Here today, gone tomorrow, still worth buying

In one of our chats yesterday about Manya’s piece in the Weekly on selling art, I said, We as a society spend $100 or $150 for seats at a rock concert, but why not for an ephemeral piece of art that might last a day, a year, five years, giving us pleasure? I wouldn’t have had this thought perhaps if Roberta and I weren’t talking together. The following thoughts ensued from the original conversation:

Jennifer Catron and Paul Outlaw, The Honeymooners, at Grizzly Grizzly. These pieces from the set of a performance are worth buying!

In a way, I think the centers of art commerce have undercut what is the most exciting form of art-making today, by supporting some notion that true great art is something worth millions or something with the potential of accruing that kind of value. But there’s true great art out there that’s not fetching any money at all, just because it is ephemeral or new or unfamiliar or not in a high-end gallery.

This is where the image the $106.5 million Picasso, Nude, Green Leaves and Bust, would go if I weren’t afraid someone might come after me for violating copyrights. The auctioneer was Christie’s.

I can point to a number of reasons why people have this crazy mindset in which they won’t buy something that’s new, untried, and ephemeral. The mindset is based on a number of myths created by the places that make art value increase. The secondary markets of auctioned art bump up values of a few star artists, creating multi-million dollar price tags–the art equivalent of getting discovered while drinking milkshakes at the soda fountain. (The more modest prices don’t get much press. An illusion of the value of older art gets created this way.)

Benton Murdoch Spruance (American, 1904-1967) Night in Eden, hand colored lithograph, 16 x 12 inches (image), numbered, titled, signed and dated lower right recto “Ed 30 -Night in Eden- Spruance / 1947”, framed. This sold May 8 at Fuller's, one of our advertisers, for $300. That should help put things in perspective.

There are a lot of irrational forces here. Some get anointed as more valuable, sometimes justly, sometimes unjustly. The high-end art dealers, while equally irrational in selection of a few for stardom, at least support some of the creators of the art as well as themselves–business people who make it possible for the creators to sell. The museums also bump up value, treating their collections as something precious and eternal.

Hyperion Bank banked on Scott Bickmore's collaborative performance/sculpture being worth $500 to them. Here it is under construction at Little Berlin.

All of these art institutions affect the mindsets of collectors. Collectors learn to invest in art for profit or status, rather than buy art just for the pleasure of the art. The notion that you will make a killing in the art world is one of those stories the culture nurtures; it’s like the story of finding a Rembrandt in pile of junk in the attic. It’s hitting the lottery. You can’t organize your life around the notion that you might hit the lottery. And you can’t organize your collecting around the notion that you might strike it rich by buying work from the next Kehinde Wiley.

The following is really a mix of my ideas and Roberta’s:

Collectors need to change the way they think and support the terrific art scene that’s here and now in Philadelphia. They need to buy something just because they love it. They don’t need a guru to tell them someone is the next Picasso. And they don’t need an art aficionado to tell them what’s good. And at the prices I’m seeing in the collectives, nearly everyone can afford to buy. The proof of affordability and quality that is the people who are buying these works are other artists. So dear potential collectors, what if you see something you like and it costs $100. Why hesitate? So what if it never becomes worth $20,000 or $2 million? If you drop hitting-the-lottery from your mindset, buying art becomes easy. If you see something you like, bring it home and enjoy it for as long as it lasts. End of story.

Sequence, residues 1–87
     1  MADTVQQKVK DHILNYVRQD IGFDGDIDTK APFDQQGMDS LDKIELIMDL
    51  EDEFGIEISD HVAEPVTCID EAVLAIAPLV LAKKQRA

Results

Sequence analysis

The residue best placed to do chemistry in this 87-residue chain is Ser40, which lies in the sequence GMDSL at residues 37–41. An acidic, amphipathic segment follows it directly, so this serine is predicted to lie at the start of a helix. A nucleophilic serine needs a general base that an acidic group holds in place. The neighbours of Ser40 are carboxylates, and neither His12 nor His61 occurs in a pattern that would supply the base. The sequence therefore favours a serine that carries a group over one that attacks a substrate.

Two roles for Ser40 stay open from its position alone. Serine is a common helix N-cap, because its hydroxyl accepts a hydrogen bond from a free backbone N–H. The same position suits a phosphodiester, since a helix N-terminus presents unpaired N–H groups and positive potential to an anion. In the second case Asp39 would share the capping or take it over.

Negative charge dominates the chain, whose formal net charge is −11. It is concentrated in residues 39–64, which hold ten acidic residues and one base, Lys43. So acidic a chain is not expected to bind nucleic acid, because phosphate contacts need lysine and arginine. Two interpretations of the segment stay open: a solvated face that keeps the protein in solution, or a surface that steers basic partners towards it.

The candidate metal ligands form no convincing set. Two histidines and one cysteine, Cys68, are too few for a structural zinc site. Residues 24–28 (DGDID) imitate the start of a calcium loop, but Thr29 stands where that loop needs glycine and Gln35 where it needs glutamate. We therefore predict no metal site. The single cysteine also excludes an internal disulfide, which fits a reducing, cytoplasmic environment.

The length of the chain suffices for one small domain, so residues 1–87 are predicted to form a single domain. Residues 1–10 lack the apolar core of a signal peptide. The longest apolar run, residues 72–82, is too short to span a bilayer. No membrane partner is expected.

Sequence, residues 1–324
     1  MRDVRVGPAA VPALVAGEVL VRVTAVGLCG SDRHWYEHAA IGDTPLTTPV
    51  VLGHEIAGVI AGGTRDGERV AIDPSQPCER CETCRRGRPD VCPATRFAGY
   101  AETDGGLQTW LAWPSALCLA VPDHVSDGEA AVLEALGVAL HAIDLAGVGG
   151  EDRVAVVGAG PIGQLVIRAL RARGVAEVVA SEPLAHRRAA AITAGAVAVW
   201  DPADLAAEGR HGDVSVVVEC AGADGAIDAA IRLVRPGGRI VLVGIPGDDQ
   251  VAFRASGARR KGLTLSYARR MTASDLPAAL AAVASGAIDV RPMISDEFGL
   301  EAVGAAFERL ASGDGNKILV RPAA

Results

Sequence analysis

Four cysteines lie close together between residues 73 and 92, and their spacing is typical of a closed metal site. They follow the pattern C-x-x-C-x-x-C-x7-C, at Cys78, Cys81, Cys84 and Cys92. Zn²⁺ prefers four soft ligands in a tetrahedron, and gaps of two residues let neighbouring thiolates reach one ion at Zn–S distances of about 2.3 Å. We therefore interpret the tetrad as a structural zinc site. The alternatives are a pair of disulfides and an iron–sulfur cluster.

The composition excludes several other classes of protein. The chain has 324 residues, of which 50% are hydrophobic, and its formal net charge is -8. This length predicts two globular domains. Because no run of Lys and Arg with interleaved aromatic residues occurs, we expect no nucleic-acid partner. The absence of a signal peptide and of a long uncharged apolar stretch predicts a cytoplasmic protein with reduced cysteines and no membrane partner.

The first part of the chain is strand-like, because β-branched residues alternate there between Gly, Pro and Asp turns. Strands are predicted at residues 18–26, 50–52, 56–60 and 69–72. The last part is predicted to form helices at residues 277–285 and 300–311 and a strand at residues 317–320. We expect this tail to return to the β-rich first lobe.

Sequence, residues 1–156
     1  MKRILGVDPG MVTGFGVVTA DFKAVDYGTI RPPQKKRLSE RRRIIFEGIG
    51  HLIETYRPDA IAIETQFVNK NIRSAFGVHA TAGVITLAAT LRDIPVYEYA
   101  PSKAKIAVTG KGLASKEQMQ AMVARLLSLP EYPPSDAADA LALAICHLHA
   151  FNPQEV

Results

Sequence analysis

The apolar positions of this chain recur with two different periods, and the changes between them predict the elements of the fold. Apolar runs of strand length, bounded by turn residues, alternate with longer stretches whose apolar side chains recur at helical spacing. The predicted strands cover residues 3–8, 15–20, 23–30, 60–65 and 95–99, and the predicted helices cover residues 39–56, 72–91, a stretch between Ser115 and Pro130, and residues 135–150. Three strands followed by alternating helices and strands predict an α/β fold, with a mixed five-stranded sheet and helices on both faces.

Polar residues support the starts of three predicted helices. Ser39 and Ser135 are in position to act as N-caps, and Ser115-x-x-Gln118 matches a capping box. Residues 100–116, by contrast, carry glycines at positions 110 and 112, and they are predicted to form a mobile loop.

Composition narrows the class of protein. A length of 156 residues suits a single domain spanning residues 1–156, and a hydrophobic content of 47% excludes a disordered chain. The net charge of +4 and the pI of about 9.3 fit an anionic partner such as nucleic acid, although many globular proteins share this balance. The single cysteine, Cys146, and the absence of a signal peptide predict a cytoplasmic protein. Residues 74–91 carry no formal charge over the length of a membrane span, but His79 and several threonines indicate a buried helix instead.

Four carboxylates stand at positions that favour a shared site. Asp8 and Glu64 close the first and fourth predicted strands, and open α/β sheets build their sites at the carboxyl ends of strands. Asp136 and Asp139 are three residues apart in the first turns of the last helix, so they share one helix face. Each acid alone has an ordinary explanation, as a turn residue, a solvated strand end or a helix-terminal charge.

Well, not really end of story. The truth is, if you buy something that represents an ephemeral event–the costume from a performance, say, or the DVD of a performance, or the bucket holding the detritus of the performance, then you are truly in the land of symbolic thinking. The synechdoche representing the whole performance is in your collection because you either love the artist’s work and ideas and need to have a bit of it for your own, or because you believe it will increase in cultural and/or monetary value and perhaps because you believe it will reflect on your own value. You can think of it as a lottery ticket or as something you love. It’s up to you.

At the edges of Philadelphia’s art world, there’s plenty of stuff that represents something larger–a performance, an installation. It’s all salable. So buy it, enjoy it. You just spent $25,000 on a car. You know that in a few years it will be worth only $500. Is it just the uncertainty that throws people, the not knowing for sure that it will be worth zilch eventually? We’re talking about a $100 loss, max, in so many cases. Why aren’t collectors snapping things up? Get over that fear of making a mistake. That’s what artists do. Collectors need to do that too. Besides, if they keep their eye on the pleasure principle, the “I like it” idea, they can get over the collector willies and plunk down a little dough and just have fun.

Tagsbenton murdoch spruance, christie's, fullers fine art auctions, grizzly grizzly, jennifer catron, little berlin, pablo picasso, paul outlaw, scott bickmore
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